The Dandy Warhols

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story / Leslie Blodgett + David Leigh Abts
photos /  Elizabeth A. Abts

It’s early May and the pools have all just opened in Nashville, Tennessee. Courtney Taylor-Taylor, lead singer of The Dandy Warhols, takes an afternoon dip. He mutters something about exercise, or maybe he just likes swimming. We follow our ears to the Mercy Lounge, where the legendary Oregon bandits are nearing the end of a mostly sold-out U.S. Spring Tour. We arrive as they are sound checking to “Boys Better.” The song is one of the constants in their 20-years-and-running brainwashing experiment to mold mankind into a sexier race.

They invite us backstage while opening act The Warlocks warm up. For some reason Zia McCabe, the multi-instrumentalist, is stuck with two G-key harmonicas. To avoid a Code Red, someone runs out to grab a C. Tonight she’s also prepped her signature keyboard and tambourine; a bass, a melodica; and various knobs, synths, and noises.
The band has joked to press before that they don’t know how to play their instruments. We think they mean the music has invented them as much as the other way around. After 20 years, Zia is the heir apparent to Stevie Nicks. Later in the evening she’ll do a solo about a daisy tattoo on her toe, but the real measure of her musicianship is the tambourine bruise on her thigh that has blossomed into a callous.
“It’s not a callous,” she corrects us. “It’s just conditioned!” She applies eyeliner and asks whether we’re including this in the write-up.
“Keep it in,” suggests band cofounder and guitarist Peter HolmstrÖm. His expression is deadpan, like Bill Murray. “No problem getting ‘the condition’ past the fact checkers.”
Like siblings, all four of them chuckle and move on. Out front the doors open, and soon everyone is rocking out to the high-spirited Warlocks. They are killing it, and as they remind the crowd: “It’s good to be in Dandyland!”
Just before the suspense is too thick to drink, the Dandys materialize onstage. Drummer Brent DeBoer‘s presence dominates center right, laying a beat that you can feel in your chest, and we suspect all the rib cages will be sore the next day. Soon every heart in the room is in sync with the drums.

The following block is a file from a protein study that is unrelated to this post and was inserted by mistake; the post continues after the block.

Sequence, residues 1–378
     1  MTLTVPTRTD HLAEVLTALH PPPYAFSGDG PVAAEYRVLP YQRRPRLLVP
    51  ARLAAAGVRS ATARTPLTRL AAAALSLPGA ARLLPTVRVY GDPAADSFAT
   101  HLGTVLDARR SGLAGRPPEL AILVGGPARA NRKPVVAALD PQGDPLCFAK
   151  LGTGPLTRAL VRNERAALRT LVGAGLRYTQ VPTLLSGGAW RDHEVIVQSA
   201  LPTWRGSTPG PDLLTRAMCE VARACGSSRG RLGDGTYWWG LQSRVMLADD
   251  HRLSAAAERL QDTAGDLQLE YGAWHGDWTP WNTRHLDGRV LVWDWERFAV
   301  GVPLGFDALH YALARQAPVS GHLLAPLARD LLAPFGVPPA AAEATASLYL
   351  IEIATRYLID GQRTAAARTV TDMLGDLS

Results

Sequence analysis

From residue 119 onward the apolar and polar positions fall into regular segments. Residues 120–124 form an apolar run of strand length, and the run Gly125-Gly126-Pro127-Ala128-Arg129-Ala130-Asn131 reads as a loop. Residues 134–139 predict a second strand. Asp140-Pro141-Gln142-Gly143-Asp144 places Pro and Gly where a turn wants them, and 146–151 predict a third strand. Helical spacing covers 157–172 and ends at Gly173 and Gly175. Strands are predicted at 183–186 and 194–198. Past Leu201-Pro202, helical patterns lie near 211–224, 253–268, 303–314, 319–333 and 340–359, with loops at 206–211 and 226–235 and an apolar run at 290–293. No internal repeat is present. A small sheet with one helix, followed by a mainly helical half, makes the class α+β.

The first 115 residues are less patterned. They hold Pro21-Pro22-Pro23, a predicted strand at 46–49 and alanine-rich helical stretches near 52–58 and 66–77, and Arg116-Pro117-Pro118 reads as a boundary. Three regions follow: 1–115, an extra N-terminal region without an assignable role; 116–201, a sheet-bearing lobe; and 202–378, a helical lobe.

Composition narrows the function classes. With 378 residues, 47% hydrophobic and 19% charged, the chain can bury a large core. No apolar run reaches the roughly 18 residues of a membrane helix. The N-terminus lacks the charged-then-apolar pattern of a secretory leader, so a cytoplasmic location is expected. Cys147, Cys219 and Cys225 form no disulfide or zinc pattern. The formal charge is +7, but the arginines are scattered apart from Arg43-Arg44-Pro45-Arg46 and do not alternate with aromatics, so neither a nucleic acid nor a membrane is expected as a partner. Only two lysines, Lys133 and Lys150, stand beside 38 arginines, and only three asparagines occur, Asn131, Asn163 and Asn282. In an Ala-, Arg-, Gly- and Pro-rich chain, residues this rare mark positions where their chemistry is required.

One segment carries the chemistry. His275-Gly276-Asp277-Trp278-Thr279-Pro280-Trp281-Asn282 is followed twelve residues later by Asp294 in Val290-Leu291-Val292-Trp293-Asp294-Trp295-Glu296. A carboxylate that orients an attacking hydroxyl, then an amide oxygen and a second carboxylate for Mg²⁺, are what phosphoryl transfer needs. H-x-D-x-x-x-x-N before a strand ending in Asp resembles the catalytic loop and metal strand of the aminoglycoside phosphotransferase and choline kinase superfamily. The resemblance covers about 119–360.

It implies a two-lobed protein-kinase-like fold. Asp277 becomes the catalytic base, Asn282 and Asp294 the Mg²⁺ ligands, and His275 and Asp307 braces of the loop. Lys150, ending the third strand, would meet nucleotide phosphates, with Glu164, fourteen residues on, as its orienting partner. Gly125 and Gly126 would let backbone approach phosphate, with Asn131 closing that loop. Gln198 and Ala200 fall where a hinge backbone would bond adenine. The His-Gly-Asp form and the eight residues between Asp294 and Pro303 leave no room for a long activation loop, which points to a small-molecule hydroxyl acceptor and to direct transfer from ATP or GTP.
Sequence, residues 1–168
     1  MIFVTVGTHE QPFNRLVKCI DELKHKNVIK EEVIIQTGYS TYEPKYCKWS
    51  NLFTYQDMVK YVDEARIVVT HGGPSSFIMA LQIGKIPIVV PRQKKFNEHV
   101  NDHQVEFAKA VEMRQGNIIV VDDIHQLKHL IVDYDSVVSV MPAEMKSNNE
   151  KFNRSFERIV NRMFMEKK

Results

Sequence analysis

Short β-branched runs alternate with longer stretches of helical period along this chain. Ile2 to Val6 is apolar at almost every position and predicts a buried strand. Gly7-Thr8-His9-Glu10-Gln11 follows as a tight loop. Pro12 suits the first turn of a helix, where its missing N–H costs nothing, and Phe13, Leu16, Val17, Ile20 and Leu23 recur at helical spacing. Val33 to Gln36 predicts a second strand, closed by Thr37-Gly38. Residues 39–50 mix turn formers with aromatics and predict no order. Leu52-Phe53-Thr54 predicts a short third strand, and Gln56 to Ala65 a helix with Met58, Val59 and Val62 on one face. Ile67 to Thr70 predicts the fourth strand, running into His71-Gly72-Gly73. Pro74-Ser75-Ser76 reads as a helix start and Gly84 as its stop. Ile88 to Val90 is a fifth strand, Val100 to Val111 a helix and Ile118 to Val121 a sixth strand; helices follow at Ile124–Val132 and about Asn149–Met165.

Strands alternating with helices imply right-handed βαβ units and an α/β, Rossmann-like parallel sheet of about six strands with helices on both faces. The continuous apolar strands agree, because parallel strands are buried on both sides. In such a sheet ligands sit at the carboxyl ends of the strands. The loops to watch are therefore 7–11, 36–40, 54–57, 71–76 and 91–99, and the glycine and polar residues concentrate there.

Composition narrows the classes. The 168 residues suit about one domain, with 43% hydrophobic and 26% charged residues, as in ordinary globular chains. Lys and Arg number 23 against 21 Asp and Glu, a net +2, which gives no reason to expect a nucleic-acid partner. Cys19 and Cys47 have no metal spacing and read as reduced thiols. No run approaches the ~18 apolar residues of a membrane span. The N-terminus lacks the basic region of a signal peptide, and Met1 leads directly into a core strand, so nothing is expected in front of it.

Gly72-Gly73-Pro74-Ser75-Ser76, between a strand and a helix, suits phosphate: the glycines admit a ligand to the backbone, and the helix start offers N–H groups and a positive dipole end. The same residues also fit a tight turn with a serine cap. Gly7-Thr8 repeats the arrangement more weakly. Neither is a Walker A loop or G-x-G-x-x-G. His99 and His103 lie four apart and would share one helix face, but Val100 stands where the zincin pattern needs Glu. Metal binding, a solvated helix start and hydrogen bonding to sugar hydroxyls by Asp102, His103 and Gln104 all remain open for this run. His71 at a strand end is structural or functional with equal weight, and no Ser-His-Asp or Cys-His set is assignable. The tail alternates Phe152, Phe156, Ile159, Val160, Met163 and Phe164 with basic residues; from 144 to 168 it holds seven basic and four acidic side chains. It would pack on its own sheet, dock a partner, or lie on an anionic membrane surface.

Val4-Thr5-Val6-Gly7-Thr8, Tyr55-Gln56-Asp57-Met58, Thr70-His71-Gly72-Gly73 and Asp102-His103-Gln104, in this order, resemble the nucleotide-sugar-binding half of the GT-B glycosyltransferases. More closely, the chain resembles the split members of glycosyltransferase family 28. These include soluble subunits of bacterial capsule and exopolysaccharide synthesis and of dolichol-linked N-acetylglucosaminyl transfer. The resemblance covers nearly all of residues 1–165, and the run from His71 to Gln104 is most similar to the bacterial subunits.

Zia is holding up stage right with her playground of toys. “Bring us the West Coast!” someone shouts from the audience. She grins and shouts back: “Are you talking about weed?”
Meanwhile, across the stage, Pete slices into his riffs like he’s drinking from Slash’s grail. His guitar is the voice of reason in a group that commands a little chaos, and this gives the band’s sound its fluidity.
Courtney is behind the wheel of this performance machine. The audience can’t help themselves; throughout the set they are tossing him bouquets of “I love you Courtney!” Here in what he calls “Nashville with a capital G,” twentysomethings on a mission to reinvent rock party peacefully alongside 70-year-old honky tonkers. It’s a motley crew, but no one is here to play Fashion Police on Courtney’s watch; everyone is too busy enjoying the set.
The place is packed. The band is giving everything to the show, and the audience is giving everything to the band, and everyone gives everything they’ve got. At the end of the night everyone goes home in their underpants, and the venue staff are left to sweep the bras off the floor.
So, the choice is yours. Bask in their tutelage as soon as you can: this summer they’re hitting Europe, then Australia, and will head back for another tour in the States in the fall.
Or, you can keep waiting for Miley Cyrus’s Second Coming.
The band’s first-ever live record, Thirteen Tales from Urban Bohemia: Live at The Wonder—the new incarnation of their beloved 2000 constitution—dropped in March. The LP has two bonus tracks. Visit
For more words from David Leigh Abts and Leslie Blodgett, read Mother’s Day at the Orphanage, “a collection of anecdotes, short stories, and misadventures.” Visit

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